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Review: A Straight Road With 99 Curves
March 30, 2013

A Straight Road With 99 Curves
Coming of Age on the Path of Zen

Gregory Shepherd

Zen Buddhism has been a rich source for a genre of Western literature exploring self-discovery and the perfection of an art or skill. Perhaps the first such book was published in 1948: Zen in the Art of Archery, by Eugen Herrigel. The book inspired many others with similar titles, including the bestselling philosophical novel Zen and the Art of Motorcycle Maintenance: An Inquiry into Values by Robert Pirsig, Ray Bradbury’s Zen in the Art of Writing, and Zen and the Art of Poker by Larry Phillips. The authentic Zen in these books varies from little (admittedly so by the author of Motorcycle) to introducing some of the basic ideas of leaving the conscious self behind to attain a higher plane of understanding and awareness.

However, there are far fewer books that explore the actual practice of Zen in which adherents pursue enlightenment through Buddhist teachings, meditation, and interaction with a master. A Straight Road With 99 Curves is a richly realized memoir of Gregory Shepherd’s life in and out of this world of Zen. The title refers to a Zen koan, the paradoxical stories or riddles, meant to vex the students into a deep, subconscious understanding: “Go straight along a road with ninety-nine curves.” And the author indeed found many curves on his path.

The book opens with Shepherd visiting the Three Cloud Zen Center where he studied off and on for several years, and hadn’t been back to for more than thirty. He hesitates to go inside as he recalls his tutelage under the center’s head instructor: “With a face as impassive and imposing as an Easter Island moai when he was serious, The Master was reputed to be spiritually enlightened on an epic scale, a supernova of spectacular magnitude in the Zen firmament, and he had always scared the daylights out of me just by the solidity of his presence and seeming ability to see into my head, heart, and soul. I had left his Three Cloud Zen Center under something of a cloud of my own all those years ago, and we never spoke again. Now he was dead.” That recollection sets the stage for the well-written memoir, which is at turns suspenseful, reflective, insightful, and expurgatory.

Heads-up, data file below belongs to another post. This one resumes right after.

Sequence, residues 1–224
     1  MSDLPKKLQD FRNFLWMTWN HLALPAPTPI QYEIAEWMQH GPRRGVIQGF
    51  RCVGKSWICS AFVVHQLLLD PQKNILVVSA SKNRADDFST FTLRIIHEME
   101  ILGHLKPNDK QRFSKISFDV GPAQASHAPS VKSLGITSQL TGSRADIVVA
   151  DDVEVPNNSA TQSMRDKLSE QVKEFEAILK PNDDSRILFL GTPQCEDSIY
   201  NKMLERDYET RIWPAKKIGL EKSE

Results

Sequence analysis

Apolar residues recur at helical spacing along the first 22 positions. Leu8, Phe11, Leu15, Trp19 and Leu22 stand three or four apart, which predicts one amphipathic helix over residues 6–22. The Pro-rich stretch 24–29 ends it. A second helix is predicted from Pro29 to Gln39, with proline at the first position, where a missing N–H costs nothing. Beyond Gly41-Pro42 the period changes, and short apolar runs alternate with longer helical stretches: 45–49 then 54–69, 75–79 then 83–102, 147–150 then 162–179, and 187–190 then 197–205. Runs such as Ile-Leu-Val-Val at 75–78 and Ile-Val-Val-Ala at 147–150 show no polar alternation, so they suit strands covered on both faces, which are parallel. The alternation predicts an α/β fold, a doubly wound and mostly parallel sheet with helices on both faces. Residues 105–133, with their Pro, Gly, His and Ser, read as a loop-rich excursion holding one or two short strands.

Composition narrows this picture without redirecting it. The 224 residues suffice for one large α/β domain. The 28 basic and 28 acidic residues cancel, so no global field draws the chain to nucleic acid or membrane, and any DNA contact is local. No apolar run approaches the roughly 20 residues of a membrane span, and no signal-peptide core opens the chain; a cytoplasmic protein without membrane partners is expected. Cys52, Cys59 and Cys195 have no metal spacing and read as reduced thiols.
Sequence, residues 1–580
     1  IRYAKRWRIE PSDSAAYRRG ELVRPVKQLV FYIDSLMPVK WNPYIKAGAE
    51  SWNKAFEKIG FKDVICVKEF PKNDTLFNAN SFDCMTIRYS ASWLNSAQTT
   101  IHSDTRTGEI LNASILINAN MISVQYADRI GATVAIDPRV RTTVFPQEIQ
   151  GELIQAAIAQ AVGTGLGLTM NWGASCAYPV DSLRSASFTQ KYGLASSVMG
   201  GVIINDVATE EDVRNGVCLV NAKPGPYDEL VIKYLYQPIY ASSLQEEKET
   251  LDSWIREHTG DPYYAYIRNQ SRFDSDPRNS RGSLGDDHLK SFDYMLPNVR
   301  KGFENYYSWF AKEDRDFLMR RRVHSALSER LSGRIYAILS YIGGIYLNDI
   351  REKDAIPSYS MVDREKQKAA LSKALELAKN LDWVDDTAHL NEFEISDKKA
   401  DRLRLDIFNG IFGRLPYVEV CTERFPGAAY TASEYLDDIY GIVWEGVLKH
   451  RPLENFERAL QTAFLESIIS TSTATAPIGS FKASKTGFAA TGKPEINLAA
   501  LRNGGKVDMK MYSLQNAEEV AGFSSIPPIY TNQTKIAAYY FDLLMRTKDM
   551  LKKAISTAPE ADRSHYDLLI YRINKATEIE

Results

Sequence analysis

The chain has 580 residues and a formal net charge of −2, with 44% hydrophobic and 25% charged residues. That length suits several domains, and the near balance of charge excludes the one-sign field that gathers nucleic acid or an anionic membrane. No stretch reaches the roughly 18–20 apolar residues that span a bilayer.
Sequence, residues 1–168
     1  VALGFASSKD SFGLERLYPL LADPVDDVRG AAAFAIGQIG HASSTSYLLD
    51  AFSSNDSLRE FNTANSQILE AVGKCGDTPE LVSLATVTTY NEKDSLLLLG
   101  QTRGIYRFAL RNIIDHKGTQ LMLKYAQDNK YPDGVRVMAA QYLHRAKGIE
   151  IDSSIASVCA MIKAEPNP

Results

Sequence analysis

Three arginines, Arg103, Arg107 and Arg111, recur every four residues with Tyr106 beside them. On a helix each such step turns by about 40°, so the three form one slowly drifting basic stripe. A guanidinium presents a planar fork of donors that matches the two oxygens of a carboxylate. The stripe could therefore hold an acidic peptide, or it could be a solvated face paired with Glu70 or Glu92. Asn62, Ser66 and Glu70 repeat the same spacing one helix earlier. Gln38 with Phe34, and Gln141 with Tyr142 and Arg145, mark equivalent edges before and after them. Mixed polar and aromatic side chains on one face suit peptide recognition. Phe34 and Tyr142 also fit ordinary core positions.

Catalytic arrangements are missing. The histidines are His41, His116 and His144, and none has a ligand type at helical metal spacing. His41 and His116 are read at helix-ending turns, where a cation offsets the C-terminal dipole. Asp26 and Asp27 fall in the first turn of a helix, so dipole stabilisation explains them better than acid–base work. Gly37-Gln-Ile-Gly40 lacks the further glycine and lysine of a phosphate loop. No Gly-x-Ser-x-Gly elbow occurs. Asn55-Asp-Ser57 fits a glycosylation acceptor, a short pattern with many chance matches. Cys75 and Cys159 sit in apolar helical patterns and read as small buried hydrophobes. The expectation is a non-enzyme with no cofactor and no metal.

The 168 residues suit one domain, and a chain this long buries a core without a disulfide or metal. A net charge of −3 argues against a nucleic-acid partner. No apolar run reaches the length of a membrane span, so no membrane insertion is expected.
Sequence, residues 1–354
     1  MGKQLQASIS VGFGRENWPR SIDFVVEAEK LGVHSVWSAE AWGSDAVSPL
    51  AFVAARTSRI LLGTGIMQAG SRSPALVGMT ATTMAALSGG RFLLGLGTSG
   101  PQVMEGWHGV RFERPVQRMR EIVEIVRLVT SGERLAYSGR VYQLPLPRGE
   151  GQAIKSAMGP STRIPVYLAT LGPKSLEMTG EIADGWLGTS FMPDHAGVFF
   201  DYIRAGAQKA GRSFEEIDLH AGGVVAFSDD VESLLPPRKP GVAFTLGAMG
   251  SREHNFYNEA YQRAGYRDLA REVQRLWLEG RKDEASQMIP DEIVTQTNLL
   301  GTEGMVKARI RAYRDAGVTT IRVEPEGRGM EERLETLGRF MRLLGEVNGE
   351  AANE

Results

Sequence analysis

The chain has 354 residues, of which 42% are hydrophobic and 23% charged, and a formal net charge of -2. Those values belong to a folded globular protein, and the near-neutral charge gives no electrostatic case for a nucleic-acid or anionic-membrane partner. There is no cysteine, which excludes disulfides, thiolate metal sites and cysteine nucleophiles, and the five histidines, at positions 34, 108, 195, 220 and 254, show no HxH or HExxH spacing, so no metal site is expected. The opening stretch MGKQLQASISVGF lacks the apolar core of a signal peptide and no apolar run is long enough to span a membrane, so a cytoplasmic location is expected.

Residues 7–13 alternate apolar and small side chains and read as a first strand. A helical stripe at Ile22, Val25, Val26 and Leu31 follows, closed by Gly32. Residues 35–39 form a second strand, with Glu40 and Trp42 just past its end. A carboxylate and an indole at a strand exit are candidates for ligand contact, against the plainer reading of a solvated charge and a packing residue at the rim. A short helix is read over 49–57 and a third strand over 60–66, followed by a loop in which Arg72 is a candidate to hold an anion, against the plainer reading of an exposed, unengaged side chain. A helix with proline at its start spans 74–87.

Raised a Catholic, Shepherd’s older brother began studying eastern philosophies, and Shepherd finds himself drawn to Hinduism and Buddhism, “perhaps because they were unfettered by the notions of eternal damnation that were driven home relentlessly at our church and school.” Also attracted to meditation and yoga, he finds the practice of Zen-sitting, zazen, appealing as a concrete way to achieve true peace of mind. He also gently introduces other core Zen concepts such as dukkha (the essential unsatisfactoriness of life), samsarai (the ever-changing world of illusion), and the Four Noble Truths dealing with suffering and craving.

Dropping out of college, Shepherd along with his brother go to Hawaii to experience the ‘60s “go with the flow” lifestyle. They hook up with a loose group of Zen practitioners. There he finds that the practice of Zen is not an easy road, especially in trying to wash away all negativity, which bubbles up unbidden through our subconscious. Between zazen sessions, he learns to surf as part of his meditative practice. But after wiping out into a bed of coral, stepping on a sea urchin, and having an errant board smash into his ribs, he paddles in and feels disembodied. He wonders if the feeling is the Zen concept of “no-self,” but realizes if it is. It wasn’t at all liberating, instead it was a “kind of cold hell, brimming over with fear, anxiety, and darkness.”

This was the first of Shepherd’s experience with trying to attain kensho, or an insight to the true essence, and is the first step in Zen toward enlightenment. He wants to achieve the “Big K” with an un-Zen-like desperation. He reads and meditates, travels and studies with Zen masters, including Bob Aitken, an American who studied Zen early in the 50s and established many of the Zen centers in existence today, and his ultimate Master at the Three Cloud Zen Center. And yet the elusive Big K eludes him, even when a teacher tells him he has achieved it, or another says “perhaps, maybe so.”

After several years of study, with successes and failures, Shepherd abandons his formal study of Zen. His life takes more curves on the straight road, and yet Zen is always percolating in him. His final visit to the old Zen center is truly one of kensho. Shepherd’s memoir is a phenomenal journey through Zen and what it means to live and ponder life. I’m reminded of Socrates’ statement: “The unexamined life is not worth living.”

COMMENTS

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Lee Witte
I tried zazen meditation, but never got too far with the practice. I'm sure it would be very helpful and enriching, but I never got past the pain of sitting on my legs, and well, the boredom. But that is just me...

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